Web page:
That is all.
Sakhalin-1, Sakhalin-2, Arctic LNG 2
Q: I would like to ask about the Sakhalin projects.
Prime Minister Kishida announced at yesterday's meeting that Japan does not plan to withdraw from Sakhalin-2. I would like to ask you, as a minister overseeing this field, about the significance of Sakhalin-1 and -2.
You also recently stated in the committee that Japan was not presently considering suspending the Arctic LNG 2 project in the Arctic Ocean, but I wanted to confirm whether you meant keeping the status quo or advancing the project with new investments.
A: For Japan, which relies on the Middle East for about 90% of its crude oil imports, Sakhalin-1 is a valuable source of crude oil supply outside the Middle East. Sakhalin-2 provides about 9% of the LNG we import—which is equivalent to about 3% of the electric power we generate—making it an essential energy project for our power and gas supply and demand.
We have interests in both projects and have secured the right to offtake on a long-term basis. They are extremely important for our energy security in times with soaring energy prices, like the present, as we can procure the output from the projects for less than the market prices. Thus, we do not plan to withdraw from them.
I did also state in the Committee on Economy, Trade and Industry that we were not presently considering suspending the Arctic LNG 2 in the Arctic Ocean as you said. I meant that we would not withdraw from it.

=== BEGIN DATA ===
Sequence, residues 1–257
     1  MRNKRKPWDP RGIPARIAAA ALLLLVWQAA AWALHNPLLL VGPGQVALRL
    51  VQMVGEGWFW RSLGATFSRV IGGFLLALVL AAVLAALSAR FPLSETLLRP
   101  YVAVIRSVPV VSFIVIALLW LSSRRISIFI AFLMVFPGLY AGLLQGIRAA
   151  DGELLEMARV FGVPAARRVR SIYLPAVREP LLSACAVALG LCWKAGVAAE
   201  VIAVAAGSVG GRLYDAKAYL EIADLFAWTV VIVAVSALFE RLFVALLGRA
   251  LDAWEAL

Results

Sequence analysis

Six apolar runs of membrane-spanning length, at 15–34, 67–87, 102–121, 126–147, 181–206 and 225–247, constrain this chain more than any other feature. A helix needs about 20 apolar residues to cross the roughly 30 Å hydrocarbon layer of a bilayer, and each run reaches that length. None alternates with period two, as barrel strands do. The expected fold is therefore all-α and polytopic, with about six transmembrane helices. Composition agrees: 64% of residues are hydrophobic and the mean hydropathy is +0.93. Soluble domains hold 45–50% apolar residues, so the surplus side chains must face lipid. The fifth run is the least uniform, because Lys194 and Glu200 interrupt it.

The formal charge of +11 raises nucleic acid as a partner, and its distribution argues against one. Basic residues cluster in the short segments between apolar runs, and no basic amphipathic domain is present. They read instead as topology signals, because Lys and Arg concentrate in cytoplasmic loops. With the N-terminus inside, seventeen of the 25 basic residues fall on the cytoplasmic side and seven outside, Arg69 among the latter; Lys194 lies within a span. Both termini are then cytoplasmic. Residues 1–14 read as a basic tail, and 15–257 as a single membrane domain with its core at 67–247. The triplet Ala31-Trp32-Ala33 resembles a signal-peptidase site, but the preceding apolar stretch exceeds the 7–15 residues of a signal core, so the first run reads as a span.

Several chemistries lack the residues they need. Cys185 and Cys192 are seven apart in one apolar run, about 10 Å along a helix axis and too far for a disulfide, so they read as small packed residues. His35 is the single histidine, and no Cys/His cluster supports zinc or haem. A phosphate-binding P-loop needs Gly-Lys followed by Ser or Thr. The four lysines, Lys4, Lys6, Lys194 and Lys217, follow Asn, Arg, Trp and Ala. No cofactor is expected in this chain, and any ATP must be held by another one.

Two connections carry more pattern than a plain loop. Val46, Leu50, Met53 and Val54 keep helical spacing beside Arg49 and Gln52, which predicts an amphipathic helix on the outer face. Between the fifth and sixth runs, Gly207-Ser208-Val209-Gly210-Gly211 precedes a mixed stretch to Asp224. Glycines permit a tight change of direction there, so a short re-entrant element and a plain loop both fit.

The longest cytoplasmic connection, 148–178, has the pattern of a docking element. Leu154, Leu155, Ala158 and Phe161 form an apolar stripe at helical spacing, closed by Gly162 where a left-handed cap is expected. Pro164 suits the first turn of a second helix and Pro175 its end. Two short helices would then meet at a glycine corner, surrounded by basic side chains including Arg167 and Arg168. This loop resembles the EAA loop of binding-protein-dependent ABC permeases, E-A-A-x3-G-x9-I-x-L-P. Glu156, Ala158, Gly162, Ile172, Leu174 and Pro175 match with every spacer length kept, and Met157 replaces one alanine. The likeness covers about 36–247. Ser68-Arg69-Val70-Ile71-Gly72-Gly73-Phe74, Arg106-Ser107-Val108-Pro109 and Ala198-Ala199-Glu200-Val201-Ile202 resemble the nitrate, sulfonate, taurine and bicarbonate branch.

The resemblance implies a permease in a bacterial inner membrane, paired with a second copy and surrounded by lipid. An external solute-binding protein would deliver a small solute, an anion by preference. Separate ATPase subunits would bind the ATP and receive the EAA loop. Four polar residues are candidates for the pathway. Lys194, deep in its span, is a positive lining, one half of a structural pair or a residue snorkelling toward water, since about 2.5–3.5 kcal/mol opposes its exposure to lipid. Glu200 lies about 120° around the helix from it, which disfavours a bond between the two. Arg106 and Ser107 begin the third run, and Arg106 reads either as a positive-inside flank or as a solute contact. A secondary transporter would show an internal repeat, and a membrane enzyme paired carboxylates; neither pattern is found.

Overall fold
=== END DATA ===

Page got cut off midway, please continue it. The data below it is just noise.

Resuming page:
I understand that the EU's regulations were revised last month to include banning European corporations from making new investment in the Russian energy sector. We will respond appropriately to this revision after thoroughly analyzing the impact it has on the Arctic LNG 2.
Q: I'd like to ask about two things related to resources.
First, America's Biden Administration announced that it would additionally release the largest amount ever from its petroleum reserves in order to curb gasoline prices, following the Russian military invasion of Ukraine. They will reportedly have discussions with each country at the IEA meeting, but please give us your opinions on what action Japan may take in response to this.